Anyone, friend, family or foe! This is truly one of the best audio books I have ever heard. It's content, it's performance,and it's thoughtfulness are universal and moving.
Yes, I was not sure how it would resolve until the very end..if it actually resolves at all for that matter.
No favourites, as it needs to be looked at as entire body of work.
The name says it all, although it would likely be very controversial.
Ray Porter is stunning in this, and brings this brilliant book to life. I can't recommend it high enough. Get it, listen, and enjoy!
What is real?
Probably the main character, John Macbeth. Without spoiling anything, it's kinda hard to explain the just how much he's forced to come to grips with and even at the end never comprehends everything fully.
Probably the one where John listens to Gabriel on top of the church roof.
What if Descartes was wrong?
Ray Porter is probably one of the best three narrators offered on Audible. Blackstone is incredibly lucky to have him and I frequently find myself buying books simply by virtue of the fact that he's narrating them. The man is a genius.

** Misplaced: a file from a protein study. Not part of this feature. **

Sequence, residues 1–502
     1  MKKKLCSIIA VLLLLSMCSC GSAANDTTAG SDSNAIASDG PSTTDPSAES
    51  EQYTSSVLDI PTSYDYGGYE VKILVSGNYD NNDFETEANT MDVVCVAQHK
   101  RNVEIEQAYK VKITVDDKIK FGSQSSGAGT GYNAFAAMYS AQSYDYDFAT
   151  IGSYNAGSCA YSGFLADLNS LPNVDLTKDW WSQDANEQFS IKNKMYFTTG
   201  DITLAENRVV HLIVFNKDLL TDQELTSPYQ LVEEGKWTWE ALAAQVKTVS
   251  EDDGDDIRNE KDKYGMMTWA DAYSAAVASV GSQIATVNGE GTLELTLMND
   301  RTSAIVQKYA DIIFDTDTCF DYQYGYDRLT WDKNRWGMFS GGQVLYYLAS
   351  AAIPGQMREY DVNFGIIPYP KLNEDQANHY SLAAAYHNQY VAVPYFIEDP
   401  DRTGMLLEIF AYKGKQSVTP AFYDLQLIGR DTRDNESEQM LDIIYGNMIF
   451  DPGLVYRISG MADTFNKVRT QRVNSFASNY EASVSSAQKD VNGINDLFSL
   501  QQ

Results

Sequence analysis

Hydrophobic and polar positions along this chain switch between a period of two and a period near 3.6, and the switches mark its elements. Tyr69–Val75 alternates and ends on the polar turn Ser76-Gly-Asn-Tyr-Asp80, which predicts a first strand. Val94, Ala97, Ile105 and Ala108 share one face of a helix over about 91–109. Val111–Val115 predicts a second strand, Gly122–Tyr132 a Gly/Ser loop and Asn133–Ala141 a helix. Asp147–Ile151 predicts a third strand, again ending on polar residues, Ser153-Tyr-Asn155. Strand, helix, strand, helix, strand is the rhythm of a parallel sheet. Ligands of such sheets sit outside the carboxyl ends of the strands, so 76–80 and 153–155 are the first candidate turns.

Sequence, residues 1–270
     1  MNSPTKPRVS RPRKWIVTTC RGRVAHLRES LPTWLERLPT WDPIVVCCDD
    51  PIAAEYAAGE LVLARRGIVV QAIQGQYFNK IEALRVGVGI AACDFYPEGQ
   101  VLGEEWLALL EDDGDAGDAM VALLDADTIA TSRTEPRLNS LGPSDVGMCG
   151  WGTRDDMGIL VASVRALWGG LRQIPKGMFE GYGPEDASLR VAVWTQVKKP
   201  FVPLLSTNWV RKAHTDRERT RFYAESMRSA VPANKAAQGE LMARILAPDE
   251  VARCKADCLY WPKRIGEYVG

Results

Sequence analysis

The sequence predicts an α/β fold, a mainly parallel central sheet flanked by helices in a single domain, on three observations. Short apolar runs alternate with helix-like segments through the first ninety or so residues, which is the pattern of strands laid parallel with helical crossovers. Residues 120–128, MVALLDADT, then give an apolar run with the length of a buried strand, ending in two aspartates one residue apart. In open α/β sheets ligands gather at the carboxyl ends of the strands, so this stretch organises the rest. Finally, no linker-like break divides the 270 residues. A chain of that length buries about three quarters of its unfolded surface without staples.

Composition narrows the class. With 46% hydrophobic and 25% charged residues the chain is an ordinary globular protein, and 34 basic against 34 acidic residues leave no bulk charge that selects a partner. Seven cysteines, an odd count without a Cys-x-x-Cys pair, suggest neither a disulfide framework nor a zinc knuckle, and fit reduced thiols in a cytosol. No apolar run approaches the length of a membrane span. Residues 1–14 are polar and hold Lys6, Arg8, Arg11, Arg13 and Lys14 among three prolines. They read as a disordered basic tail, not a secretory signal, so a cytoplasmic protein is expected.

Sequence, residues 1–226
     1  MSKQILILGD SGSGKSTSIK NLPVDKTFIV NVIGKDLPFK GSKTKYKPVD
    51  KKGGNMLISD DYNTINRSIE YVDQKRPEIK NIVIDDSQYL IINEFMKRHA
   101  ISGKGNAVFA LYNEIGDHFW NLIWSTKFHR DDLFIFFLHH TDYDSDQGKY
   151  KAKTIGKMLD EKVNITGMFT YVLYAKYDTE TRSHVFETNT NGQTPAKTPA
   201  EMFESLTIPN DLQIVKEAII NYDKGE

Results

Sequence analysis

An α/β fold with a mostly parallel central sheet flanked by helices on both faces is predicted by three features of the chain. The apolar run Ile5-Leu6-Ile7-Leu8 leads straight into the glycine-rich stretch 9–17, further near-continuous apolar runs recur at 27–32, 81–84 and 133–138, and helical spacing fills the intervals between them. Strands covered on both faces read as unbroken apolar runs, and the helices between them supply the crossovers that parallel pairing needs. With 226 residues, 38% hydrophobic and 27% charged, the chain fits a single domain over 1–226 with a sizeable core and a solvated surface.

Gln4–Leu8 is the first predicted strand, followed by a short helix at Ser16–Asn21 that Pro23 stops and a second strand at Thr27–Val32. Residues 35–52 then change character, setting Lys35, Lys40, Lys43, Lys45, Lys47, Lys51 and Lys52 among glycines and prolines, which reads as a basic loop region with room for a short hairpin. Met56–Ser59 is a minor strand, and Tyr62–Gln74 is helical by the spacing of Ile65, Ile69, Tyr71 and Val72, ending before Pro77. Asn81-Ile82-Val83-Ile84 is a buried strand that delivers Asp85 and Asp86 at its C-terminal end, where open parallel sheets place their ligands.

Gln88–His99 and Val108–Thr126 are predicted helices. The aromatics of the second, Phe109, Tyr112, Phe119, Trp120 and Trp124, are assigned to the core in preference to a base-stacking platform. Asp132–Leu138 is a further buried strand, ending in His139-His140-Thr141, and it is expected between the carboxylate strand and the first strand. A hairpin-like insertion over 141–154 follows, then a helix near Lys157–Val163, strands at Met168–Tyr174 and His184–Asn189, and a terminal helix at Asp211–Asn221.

I would just for the fact that this novel was a fun exploration of ideas related to the simulation hypothesis of our reality.
The story was less interesting than the philosophical exposition. The characters were somewhat flat, without personality. The novel is essentially an excuse to explore the simulation hypothesis of cosmology through the form of a thin narrative. The vast majority of the content in this novel falls under one of two categories: 1.) Cataloguing hallucination experiences; 2.) Expository dialog about quantum physics and philosophy.